by Georges Monbiot
Imagine that in 3030 BC. J.-C., the totality of the possessions of the Egyptian people fills a cubic meter. Suppose these possessions increased by 4.5% per year. How big would this reserve have been during the Battle of Actium in 30 BC? This is the calculation made by investment banker Jeremy Grantham.
Come on, guess. Ten times the size of the pyramids? All the sand of the Sahara? The Atlantic Ocean? The volume of the planet? A bit more? That’s 2.5 billion billion solar systems. It doesn’t take long, as you reflect on this result, to reach the paradoxical position that salvation lies in collapse.
To succeed is to destroy oneself. To fail is to destroy yourself. This is the link we created. Ignore if you owe climate change, the collapse of biodiversity, the depletion of water, soil, minerals, oil; even though all these problems have miraculously disappeared, the mathematics of compound growth makes continuity impossible.
Economic growth is an artifact of the use of fossil fuels. Before large quantities of coal were mined, every increase in industrial production was met with a decrease in agricultural production, as the charcoal or power required by industry reduced the land available for growing food.
All previous industrial revolutions collapsed because growth could not be sustained. But coal broke that cycle and enabled – for a few hundred years – the phenomenon we now call sustained growth.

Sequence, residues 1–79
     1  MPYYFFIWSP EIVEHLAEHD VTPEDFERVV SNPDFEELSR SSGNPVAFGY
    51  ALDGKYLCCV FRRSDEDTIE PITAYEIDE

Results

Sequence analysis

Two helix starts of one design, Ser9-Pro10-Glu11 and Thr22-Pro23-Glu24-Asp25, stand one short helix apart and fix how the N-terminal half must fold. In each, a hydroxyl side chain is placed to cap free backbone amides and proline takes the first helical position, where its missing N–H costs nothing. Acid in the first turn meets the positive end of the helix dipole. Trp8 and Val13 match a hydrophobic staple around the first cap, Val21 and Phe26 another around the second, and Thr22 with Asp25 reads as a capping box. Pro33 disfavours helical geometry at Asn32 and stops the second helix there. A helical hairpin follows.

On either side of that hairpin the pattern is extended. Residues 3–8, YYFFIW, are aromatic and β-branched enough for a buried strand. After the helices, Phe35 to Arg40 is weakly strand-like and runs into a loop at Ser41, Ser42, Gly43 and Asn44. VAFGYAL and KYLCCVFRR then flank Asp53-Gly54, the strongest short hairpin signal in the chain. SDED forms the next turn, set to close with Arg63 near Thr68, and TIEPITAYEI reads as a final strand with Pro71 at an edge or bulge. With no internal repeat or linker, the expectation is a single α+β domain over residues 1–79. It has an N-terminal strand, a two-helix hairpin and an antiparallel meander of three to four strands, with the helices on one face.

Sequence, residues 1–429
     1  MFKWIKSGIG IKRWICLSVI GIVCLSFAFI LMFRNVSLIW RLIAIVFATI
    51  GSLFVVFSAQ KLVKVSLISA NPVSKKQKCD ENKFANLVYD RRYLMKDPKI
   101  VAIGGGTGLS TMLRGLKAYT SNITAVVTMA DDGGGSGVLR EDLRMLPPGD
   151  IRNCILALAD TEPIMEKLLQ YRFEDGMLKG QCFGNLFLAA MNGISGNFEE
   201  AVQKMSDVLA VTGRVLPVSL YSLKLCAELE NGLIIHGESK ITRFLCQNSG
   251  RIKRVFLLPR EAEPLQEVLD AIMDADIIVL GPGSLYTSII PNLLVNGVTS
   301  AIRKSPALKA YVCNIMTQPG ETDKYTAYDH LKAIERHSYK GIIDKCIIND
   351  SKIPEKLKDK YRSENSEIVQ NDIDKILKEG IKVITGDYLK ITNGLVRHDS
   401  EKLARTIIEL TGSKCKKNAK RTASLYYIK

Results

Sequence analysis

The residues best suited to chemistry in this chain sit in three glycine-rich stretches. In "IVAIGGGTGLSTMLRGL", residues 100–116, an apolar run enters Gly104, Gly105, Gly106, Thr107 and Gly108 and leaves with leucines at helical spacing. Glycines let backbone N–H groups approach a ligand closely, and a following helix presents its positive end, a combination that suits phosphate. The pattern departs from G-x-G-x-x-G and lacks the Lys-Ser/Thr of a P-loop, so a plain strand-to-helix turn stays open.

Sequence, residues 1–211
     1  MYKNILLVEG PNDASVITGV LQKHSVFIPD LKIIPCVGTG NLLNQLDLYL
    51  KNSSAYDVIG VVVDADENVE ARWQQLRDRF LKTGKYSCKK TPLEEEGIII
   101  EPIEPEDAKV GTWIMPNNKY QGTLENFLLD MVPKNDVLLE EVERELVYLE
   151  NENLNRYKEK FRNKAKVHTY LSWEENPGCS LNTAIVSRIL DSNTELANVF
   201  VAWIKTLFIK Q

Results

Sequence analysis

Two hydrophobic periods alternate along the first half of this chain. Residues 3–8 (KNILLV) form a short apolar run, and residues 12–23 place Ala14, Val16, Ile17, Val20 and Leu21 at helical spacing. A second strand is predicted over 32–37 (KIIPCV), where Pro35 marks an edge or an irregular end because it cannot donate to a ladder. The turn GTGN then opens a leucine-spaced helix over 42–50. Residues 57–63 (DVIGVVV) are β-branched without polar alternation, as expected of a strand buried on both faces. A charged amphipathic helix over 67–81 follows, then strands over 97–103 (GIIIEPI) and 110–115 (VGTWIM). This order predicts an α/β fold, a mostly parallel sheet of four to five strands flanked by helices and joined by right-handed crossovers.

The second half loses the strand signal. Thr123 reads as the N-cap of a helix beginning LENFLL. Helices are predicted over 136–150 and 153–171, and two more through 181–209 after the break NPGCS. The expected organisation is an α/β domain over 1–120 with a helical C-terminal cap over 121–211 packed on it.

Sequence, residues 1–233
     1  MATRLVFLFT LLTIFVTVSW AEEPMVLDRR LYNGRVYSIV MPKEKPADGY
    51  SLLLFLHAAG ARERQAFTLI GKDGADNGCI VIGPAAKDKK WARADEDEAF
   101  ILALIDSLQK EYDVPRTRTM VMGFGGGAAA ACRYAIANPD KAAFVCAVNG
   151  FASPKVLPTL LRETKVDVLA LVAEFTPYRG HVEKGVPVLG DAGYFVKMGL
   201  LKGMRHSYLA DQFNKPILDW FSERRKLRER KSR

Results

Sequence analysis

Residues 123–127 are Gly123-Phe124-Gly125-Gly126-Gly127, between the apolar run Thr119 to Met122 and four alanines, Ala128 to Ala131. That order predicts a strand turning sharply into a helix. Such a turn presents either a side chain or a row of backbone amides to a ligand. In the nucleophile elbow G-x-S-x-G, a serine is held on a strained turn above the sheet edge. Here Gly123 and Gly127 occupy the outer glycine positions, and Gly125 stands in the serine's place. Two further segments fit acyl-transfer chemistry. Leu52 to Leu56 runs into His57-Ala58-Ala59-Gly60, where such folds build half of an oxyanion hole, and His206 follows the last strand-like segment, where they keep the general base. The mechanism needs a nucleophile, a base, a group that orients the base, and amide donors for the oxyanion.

Coal production played a key role in the rise of Britain’s economy.
Neither capitalism nor communism made possible the progress and pathologies (total war, unprecedented concentration of global wealth, planetary destruction) of the modern era. It was coal, followed by oil and gas. The meta-trend, the parent narrative, is carbon-fueled expansion.
Our ideologies are just side plots. Now that the accessible reserves are exhausted, we must ransack the hidden corners of the planet to support our impossible proposition. On Friday, days after scientists announced that the collapse of the West Antarctic ice sheet is now inevitable, the Ecuadorian government decided to allow oil drilling in the heart of Yasuní National Park.
He had made an offer to other governments: if they gave him half the value of the oil in that part of the park, he would leave the stuff in the ground. You might see this as blackmail or fair trade. Ecuador is poor, its oil deposits are rich.
Why, argued the government, should it leave them untouched without compensation as everyone sinks into the inner circle of hell? He asked for $3.6 billion and received $13 million.
The result is that Petroamazonas, a company with a colorful record of destruction and spills, will now enter one of the most biodiverse places on earth, in which one hectare of rainforest is said to contain more species than there are none on the entire northern continent. America.
The British oil company Soco now hopes to enter the oldest national park in Africa, that of Virunga, in the Democratic Republic of Congo; one of the last strongholds of mountain gorillas and okapi, chimpanzees and forest elephants.